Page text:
Additionally, some vendors offer seamless, high-governance, and privacy-compliant PPRL infrastructures and services. Technologies recognized by some of the largest healthcare organizations and agencies today include the Healthverity IPGE (Identify, Privacy, Governance, and Exchange) Platform, Datavant, the Senzing entity resolution software, and the Veeva Crossix Data Platform.  

On the Horizon: Open Areas of PPRL Research and Development

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PPRL algorithms are heavily dependent on how two organizations configure the specific parameters of how to perform data encoding, blocking, record comparison, and match classification. Configuration of how to perform the linkage—the “schema”—includes selection of the PII elements to encode as well as the emphasis of those attributes (for example, assigning more weight to social security number than a patient’s last name). Due to real-world variations in data, the linkage schema often needs to be optimized and iterated upon to produce high-quality, one-to-one linkages. An open area of research and development is the creation of tools for flexible schemas that accommodate linkage of multiple large datasets.      

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Algorithmic Performance

Strategies to classify records as "matches" or "non-matches" in PPRL continue to incorporate sensitive machine learning methods to return high-confidence, one-to-one linkages. However, classification algorithms can be biased to certain subpopulations that are grouped by one or more protected or sensitive attributes. In the context of PPRL, this might resemble a difference in algorithmic performance between two subpopulations in the data. In addition to the correctness of the linkages, machine learning models must incorporate strategies to minimize bias and maximize equity or fairness in the linkage results. Examination of algorithmic fairness in PPRL, particularly quantitative metrics and mitigation strategies, is an open area of research and development.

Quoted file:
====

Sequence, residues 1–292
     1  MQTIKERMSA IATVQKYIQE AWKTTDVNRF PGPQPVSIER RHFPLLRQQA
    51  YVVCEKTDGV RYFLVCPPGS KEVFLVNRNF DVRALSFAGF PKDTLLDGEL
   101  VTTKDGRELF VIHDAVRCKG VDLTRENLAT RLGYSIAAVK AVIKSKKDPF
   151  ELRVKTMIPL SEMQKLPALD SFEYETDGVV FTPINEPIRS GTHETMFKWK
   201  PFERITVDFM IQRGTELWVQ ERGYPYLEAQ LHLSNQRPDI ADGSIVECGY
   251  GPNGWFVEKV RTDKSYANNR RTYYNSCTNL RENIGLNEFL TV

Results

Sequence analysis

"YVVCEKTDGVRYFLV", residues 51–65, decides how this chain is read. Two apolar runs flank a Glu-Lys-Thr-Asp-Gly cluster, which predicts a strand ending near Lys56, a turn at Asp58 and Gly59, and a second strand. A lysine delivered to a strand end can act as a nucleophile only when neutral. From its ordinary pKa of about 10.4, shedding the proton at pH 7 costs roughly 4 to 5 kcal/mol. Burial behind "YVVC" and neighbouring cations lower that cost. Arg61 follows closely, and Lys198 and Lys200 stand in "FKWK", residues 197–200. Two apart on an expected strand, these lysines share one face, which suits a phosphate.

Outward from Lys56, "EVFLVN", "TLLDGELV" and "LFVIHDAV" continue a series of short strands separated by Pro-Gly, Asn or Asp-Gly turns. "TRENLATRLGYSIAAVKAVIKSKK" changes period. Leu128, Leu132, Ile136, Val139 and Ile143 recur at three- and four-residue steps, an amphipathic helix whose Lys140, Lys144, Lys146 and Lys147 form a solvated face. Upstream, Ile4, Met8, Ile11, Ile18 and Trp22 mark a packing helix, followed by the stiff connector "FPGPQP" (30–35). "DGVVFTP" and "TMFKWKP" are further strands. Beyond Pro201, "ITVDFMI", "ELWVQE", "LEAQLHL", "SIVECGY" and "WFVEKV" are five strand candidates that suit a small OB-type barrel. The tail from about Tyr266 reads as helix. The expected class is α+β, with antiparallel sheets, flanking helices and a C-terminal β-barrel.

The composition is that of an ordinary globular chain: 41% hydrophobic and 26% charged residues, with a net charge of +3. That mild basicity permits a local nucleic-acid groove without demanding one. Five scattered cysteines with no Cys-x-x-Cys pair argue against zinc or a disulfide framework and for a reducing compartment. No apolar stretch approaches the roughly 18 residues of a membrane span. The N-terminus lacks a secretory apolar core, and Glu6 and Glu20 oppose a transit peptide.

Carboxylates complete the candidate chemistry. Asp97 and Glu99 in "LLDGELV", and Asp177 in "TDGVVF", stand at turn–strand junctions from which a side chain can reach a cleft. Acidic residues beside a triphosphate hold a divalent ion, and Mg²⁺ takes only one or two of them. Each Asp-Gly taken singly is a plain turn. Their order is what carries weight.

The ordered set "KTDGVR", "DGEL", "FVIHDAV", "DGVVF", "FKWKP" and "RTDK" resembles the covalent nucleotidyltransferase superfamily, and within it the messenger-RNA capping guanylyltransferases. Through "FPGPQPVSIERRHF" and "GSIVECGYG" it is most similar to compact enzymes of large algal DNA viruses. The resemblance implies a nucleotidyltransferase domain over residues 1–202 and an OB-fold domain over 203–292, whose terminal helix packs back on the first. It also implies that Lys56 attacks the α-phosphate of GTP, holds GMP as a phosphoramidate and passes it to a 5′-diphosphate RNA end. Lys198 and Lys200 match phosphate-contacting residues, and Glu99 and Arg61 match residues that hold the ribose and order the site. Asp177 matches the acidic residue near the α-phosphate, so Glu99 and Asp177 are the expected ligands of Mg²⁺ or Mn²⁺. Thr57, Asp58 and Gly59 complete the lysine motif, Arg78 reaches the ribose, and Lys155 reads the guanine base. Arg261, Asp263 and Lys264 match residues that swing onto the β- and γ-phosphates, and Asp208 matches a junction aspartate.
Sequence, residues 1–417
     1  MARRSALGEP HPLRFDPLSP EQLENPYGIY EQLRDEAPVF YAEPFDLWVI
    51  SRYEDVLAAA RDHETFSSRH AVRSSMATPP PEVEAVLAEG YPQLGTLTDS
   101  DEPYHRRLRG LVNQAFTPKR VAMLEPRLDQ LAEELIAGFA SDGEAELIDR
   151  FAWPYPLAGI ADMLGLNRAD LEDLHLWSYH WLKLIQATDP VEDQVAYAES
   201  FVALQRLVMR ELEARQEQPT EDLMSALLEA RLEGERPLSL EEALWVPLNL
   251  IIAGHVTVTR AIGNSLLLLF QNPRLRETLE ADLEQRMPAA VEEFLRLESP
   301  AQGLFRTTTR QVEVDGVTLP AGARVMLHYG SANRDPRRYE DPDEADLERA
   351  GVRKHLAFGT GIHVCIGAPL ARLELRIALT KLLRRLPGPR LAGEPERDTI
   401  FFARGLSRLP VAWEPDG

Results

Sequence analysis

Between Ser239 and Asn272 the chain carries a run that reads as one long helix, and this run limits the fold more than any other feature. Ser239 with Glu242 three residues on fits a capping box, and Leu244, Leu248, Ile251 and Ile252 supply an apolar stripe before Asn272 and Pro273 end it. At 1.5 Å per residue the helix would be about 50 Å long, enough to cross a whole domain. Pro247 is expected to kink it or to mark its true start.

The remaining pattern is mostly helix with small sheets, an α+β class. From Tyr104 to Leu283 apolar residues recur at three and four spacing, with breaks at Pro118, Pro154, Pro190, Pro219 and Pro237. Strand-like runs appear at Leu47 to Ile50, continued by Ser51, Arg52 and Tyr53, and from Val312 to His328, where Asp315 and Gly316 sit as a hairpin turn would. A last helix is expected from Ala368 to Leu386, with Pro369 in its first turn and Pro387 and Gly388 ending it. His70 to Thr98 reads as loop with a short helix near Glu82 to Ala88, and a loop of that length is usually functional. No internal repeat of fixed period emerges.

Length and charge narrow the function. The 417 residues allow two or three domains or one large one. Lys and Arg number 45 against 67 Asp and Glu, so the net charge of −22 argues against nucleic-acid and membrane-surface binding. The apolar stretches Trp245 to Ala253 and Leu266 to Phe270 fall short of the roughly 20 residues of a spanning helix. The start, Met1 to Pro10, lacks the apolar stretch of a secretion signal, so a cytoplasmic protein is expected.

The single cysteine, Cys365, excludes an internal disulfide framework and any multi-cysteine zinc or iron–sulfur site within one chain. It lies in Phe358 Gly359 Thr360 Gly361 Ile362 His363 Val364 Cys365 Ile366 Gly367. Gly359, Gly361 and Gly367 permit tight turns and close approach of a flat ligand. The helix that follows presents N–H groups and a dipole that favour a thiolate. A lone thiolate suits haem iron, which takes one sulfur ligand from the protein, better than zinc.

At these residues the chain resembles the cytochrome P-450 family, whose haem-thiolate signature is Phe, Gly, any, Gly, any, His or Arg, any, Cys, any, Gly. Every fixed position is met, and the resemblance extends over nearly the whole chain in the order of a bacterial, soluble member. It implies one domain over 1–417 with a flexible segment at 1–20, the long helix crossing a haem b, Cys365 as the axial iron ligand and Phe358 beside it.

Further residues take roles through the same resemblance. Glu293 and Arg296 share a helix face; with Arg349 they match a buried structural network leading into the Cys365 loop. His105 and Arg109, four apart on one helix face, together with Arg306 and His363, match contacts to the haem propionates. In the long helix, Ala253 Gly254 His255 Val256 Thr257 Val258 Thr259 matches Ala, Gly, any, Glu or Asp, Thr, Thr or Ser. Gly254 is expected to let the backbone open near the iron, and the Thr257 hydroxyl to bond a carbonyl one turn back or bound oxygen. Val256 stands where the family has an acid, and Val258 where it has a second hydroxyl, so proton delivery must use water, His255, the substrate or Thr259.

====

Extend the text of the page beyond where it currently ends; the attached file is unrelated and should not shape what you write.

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Computational Efficiency

As datasets continue to grow, PPRL algorithms face challenges with computational scalability and resource usage. While techniques like blocking and pre-processing can cut down on computational resource usage, other methods to scale PPRL up include parallelization via batch processing, distributed computing, and hardware acceleration. Additional work, recently reviewed, focuses on ensuring that all steps of a PPRL pipeline, including blocking, can support multiparty blocking and linkage of multiple large datasets.  

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Privacy Preservation

Recent work has demonstrated that data encoded via Bloom filters can potentially be re-identified, and that machine learning can reveal potentially sensitive attributes about data points used for training models. Methods to strengthen data security include asymmetric key cryptography, which uses local encryption keys for each data site, thus eliminating the need for a common secret encryption key. In response to the prospect of quantum computers that can break many of the public-key cryptosystems currently in use, quantum cryptographic systems are being developed to be secure against both quantum and classical computers.

PPRL technologies are essential as a pre-requisite for the development of AI-ready health datasets and, ultimately, to fully actualizing the vast potential of precision medicine to transform healthcare. Privacy-enhancing analytics and technologies drive world-class biomedical research by helping organizations architect appropriate information flows to increase privacy, transparency, and trust in research and clinical operations. Enhanced data privacy capabilities will enable organizations to be ready for modernized health privacy legislation, proactively protect existing data assets from data breaches, facilitate adoption and development of AI aligned with organizational missions, and respond to growing demand signals from consumers.